Even the smallest architectural design proposes to make an intervention in the known world, it dares to change things as they are, and to venture how they might be. It envisions a possible future, sometimes a fantastic one, and then sets out to make it manifest. If that’s not a rich subject for children’s books, I don’t know what is. But such books should also make us question what we want architecture and architects to be. Not just in fairy tales, but in real life. — Places Journal
For generations children's books have told fanciful stories about the creation of houses and the comforts of domesticity. "When you go looking," writes Naomi Stead on Places, "you realize that there is a huge, even dominant genre in children’s literature: stories about houses, about the choice of a house, the quality of homeliness, and the very concept of home." Stead surveys the scene, from Iggy Peck to Roberto, from The Little House to House by Mouse, and wonders what these books tell us "about the architecture profession and how it is conceived and represented in culture more broadly."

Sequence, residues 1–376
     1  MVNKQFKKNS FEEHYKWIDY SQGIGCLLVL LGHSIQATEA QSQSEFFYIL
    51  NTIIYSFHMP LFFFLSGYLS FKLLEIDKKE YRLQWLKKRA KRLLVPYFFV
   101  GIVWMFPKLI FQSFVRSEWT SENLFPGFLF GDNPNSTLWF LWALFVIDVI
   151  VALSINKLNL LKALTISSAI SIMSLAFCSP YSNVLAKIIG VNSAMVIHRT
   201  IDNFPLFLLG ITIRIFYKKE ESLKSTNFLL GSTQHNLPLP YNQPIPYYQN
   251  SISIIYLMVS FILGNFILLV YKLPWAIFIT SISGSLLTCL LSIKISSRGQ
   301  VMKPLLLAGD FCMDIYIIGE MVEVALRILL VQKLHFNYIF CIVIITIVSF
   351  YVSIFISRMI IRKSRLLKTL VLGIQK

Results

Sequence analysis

In related features, Places continues an ongoing series on fairy tale architecture, with new designs by Abruzzo Bodziak ("Snowflake"), Bernheimer Architecture ("The Little Match Girl"), and Solid Objectives – Idenburg Liu (SO – IL) ("Monkey King").